After an Afghan Muslim terrorist shot up a gay nightclub, the media completely ignored his identity and motives, despite them being clearly stated in his conversations with police, and instead pushed a discredited myth that he was a gay homophobe.
Yes, that was the narrative. Today the media still claims that the Pulse massacre was about homophobia and completely ignores the identity of the shooter.
From the beginning, the media pounced on the fact that the Colorado Springs gay nightclub shooter had a Republican grandfather. They then blamed the shooting on everyone from LibsofTikTok to Christopher Rufo for inciting the violence.
Then the shooter’s lawyer filled material claiming that he’s “non-binary”, uses “them\they” pronouns and wants to be known as Mx. Now this might be trolling by the shooter or an attempt by the family and/or the lawyer to create sympathy and change the narrative.
Lawyers generally don’t participate in stunts like this today. For one thing they generally aren’t paid enough to wreck their credibility or careers in the age of the internet. But they will put forward material if they’re told it and sometimes they may not check. Or they will selectively report things. The lawyer for one of the two alt-right plotters who targeted synagogues in New York City emphasized that he was the grandson of a Holocaust survivor. Presumably true, but doesn’t actually change what happened.
Whatever the narrative, a bunch of people were shot and killed in Colorado Springs. Whatever the shooter’s motive, he should be strapped into a chair and the juice turned on.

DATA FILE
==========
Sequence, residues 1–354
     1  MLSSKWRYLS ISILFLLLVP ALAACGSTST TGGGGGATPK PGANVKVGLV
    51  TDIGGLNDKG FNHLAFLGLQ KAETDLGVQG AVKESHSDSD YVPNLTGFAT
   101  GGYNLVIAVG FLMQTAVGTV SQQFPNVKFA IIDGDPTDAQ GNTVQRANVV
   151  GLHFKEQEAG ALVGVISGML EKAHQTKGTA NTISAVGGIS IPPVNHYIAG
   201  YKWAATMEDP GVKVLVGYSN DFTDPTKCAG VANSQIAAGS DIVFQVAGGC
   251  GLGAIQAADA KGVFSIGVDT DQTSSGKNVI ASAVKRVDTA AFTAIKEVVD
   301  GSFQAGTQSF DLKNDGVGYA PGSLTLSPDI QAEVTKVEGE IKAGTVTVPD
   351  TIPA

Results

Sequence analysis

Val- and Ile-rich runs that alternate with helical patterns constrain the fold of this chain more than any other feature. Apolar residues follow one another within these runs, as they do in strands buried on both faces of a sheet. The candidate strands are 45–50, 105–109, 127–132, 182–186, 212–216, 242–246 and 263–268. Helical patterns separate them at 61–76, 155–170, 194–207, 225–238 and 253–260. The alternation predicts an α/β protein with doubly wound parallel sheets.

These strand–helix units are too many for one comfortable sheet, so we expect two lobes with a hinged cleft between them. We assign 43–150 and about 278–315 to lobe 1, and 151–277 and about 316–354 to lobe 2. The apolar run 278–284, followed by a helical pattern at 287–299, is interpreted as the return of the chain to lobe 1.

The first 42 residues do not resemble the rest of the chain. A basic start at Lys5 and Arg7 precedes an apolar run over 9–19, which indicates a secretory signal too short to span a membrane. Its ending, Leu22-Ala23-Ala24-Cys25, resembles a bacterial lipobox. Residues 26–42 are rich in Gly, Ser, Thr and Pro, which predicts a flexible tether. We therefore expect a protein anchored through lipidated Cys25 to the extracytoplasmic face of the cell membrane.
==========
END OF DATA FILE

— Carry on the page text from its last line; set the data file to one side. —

That said, even the media is introducing some ambiguity into the narrative.
Until age 15, he was known as Nicholas Brink, living in San Antonio, public records show. His parents separated when he was a toddler, and when he was 12, his mother, Laura Voepel, was arrested for suspected arson, according to court documents. She was later found guilty of a lesser offense in connection with the same incident.
At age 15, he became the target of a particularly vicious bout of online bullying in which insulting accusations were posted to a website, along with his name, photos and online aliases, according to a review of the site by The Washington Post. At some point, a YouTube account was created under his name, featuring a crude, profanity-laden animation under the title, “Asian homosexual gets molested.”
For unstated reasons, just before his 16th birthday, the young man petitioned a Texas court — with two of his grandparents’ names on the document — to legally change his entire name. His mother’s name did not appear on the petition.
In June 2021, Aldrich was arrested for an alleged bomb threat, one that prompted a partial evacuation of the Colorado Springs neighborhood where his mother lived at the time. He was charged with kidnapping and felony menacing, but was never prosecuted, for reasons that remain unclear. No bomb was ever found.
Whatever happened here, it’s a safe bet that Brink\Aldrich had some major issues. He should not have been on the loose after what happened in 2021, but as I previously discussed, Colorado embraced criminal justice reform and Aldrich’s mother, like a lot of the mothers of mass shooters, didn’t cut him loose no matter how bad things got.
It’s a familiar story and it’s happening all too often. And we should be talking about that.
Combine divorce, a broken family, a boy raised by an indulgent single mother with her own issues, school bullying and alienation and we have the ingredients for a lot of young male mass shooters.